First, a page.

Alherd Bakharevich: Authorities want to settle “Lohvinau issue” once and for all
A fine to Lohvinau publishing house is equivalent to its destruction. Belarusian writers said it in an interview with Deutsche Welle.
On January 9, the Economic Court of Minsk fined published Ihar Lohvinau for selling books without the permission of the Ministry of Information. The fine is 30 penalty units – 5.4 million Belarusian rubles or 325 euros. The court also ruled to recover “incomes from the illegal activity” of more than 960 million rubles (58,000 euros).
Most Belarusian authors, whose books are known in Europe, have been published by the private publishing house Lohvinau. Andrei Khadanovich, the head of the Belarusian PEN centre, describes Lohvinau bookshop as a “joyful island in the gloom of unfree and far from perfection Belarus”.
He recalled the metaphor by Belarusian philosopher Valiantsin Akudovich, who called one of his books Archipelago Belarus. “No one would ever touch a plain unremarkable conformist publisher, but Lohvinau bookshop had no censorship and self-censorship, which annoys me and which we have a lot in Belarus,” Khadanovich said.
“Having turned from a ghetto for the select into an important for Minsk creative platform that hosts literature meetings and poetic festivals, Lohvinau bookshop has become a prominent public place,” writer Artur Klinau said. All his books were published by Lohvinau publishing house, which licence was revoked in 2013 due to Belarus Press Photo Album 2011, which was found extremist by the Ashmiany district court a year later.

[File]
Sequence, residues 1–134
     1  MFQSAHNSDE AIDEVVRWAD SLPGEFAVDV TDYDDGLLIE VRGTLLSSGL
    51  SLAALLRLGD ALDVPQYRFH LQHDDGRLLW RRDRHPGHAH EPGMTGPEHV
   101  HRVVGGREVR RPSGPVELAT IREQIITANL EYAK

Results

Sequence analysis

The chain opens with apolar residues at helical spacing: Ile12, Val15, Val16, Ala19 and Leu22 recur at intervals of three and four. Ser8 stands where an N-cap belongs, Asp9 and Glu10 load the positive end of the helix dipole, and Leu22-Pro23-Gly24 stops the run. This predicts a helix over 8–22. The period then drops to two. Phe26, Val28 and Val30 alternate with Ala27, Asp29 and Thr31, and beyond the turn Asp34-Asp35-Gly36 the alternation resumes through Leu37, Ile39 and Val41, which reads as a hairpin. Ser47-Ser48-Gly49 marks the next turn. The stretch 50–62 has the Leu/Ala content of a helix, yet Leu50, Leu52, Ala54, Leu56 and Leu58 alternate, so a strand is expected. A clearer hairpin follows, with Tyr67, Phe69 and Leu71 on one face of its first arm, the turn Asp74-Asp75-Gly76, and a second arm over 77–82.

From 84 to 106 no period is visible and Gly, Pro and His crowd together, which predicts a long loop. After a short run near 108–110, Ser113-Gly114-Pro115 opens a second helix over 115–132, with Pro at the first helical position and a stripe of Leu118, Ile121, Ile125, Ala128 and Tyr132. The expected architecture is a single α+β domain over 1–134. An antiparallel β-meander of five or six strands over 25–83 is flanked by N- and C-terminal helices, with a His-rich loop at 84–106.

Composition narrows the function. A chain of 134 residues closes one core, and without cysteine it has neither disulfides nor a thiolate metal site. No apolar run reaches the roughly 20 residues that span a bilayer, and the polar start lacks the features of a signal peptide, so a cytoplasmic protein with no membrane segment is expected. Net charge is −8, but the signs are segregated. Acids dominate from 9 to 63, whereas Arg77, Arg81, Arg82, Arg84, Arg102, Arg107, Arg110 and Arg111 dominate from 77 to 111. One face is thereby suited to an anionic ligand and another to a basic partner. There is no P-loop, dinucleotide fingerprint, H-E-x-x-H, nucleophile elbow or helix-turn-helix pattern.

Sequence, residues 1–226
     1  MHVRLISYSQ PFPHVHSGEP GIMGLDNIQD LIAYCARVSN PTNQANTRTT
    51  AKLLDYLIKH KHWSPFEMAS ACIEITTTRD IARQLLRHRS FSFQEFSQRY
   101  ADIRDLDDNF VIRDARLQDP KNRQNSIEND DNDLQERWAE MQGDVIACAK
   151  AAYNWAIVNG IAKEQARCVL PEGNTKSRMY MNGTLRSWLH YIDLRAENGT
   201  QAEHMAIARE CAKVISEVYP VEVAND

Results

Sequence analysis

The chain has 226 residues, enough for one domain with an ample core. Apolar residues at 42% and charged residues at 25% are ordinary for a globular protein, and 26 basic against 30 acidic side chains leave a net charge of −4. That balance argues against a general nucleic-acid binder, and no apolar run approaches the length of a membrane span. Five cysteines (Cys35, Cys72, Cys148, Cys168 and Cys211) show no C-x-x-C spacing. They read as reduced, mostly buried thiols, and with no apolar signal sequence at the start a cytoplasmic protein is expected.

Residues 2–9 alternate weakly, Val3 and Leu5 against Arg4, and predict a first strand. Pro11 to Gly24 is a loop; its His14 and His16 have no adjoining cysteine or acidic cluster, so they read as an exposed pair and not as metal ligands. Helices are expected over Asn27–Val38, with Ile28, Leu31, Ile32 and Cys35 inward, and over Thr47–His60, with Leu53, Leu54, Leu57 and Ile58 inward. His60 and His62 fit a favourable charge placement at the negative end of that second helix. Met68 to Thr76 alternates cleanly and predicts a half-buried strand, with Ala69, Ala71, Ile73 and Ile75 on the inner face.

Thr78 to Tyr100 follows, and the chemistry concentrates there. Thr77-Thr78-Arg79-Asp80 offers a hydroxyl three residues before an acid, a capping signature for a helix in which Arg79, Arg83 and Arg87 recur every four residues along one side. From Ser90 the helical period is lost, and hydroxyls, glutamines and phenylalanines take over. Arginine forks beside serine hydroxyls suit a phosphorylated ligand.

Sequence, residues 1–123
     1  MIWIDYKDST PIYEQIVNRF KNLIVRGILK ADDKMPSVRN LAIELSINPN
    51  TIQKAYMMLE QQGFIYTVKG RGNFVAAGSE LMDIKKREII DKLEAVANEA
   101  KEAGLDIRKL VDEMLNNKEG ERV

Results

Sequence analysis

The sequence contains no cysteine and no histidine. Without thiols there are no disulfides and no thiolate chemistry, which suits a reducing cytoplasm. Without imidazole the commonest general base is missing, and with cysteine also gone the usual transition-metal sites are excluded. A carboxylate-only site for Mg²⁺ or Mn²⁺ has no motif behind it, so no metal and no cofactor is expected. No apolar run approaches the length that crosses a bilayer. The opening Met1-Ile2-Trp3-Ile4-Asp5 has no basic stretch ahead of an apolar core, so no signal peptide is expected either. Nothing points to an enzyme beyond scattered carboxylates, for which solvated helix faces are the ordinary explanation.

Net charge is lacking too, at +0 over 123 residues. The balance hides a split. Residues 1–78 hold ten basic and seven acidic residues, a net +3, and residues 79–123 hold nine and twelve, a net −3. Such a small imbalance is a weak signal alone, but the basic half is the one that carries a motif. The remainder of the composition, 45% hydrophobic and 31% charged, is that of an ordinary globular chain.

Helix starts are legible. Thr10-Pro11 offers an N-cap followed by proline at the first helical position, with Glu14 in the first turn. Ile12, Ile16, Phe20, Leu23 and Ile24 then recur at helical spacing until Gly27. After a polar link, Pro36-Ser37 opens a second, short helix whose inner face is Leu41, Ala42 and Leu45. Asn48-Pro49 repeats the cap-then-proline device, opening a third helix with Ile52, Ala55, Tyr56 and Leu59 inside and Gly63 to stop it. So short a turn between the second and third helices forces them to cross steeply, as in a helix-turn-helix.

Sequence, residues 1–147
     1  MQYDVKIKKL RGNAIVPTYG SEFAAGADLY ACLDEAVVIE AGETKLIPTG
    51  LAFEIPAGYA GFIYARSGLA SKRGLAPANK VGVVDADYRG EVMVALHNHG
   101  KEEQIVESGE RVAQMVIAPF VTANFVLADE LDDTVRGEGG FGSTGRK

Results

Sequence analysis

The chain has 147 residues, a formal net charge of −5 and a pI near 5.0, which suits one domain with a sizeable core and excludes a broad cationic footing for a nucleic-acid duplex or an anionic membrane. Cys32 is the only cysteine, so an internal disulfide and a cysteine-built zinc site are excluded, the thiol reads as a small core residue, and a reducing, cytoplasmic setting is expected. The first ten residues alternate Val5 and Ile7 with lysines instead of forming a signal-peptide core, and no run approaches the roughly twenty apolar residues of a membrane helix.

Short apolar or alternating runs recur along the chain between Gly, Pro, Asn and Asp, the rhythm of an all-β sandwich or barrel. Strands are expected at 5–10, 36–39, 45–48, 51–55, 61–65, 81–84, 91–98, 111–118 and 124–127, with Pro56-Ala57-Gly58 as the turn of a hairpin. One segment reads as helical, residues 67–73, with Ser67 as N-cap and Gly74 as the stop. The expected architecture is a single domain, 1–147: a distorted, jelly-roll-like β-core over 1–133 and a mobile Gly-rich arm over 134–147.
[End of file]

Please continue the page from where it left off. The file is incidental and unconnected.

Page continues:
Klinau says the claims against the publishing house are “absurd”, because what Lohvinau does “works for establishing the Belarusian identity and citizenship”. “Those who do not understand it are barbarians who harm the state,” he says. Writer Alherd Bakharevich says revoking the licence and depriving Lohvinau of an opportunity to sell books in Belarus are a blow to the Belarusian culture.
Bakharevich thinks the fine was predictable. According to him, he didn't expect justice from the court. By choosing the severe decision, the state represented by the economic court demonstrated its intention to “settle the 'Lohvinau issue' once and for all by destroying first the publishing house and then the bookshop,” the writer says.
“What impressed me most is that the judge asked everyone to leave the courtroom for three minutes and then took the prepared printed court decision out of his folder,” Mikhas Yanchuk a representative of Belsat TV, shared his impressions.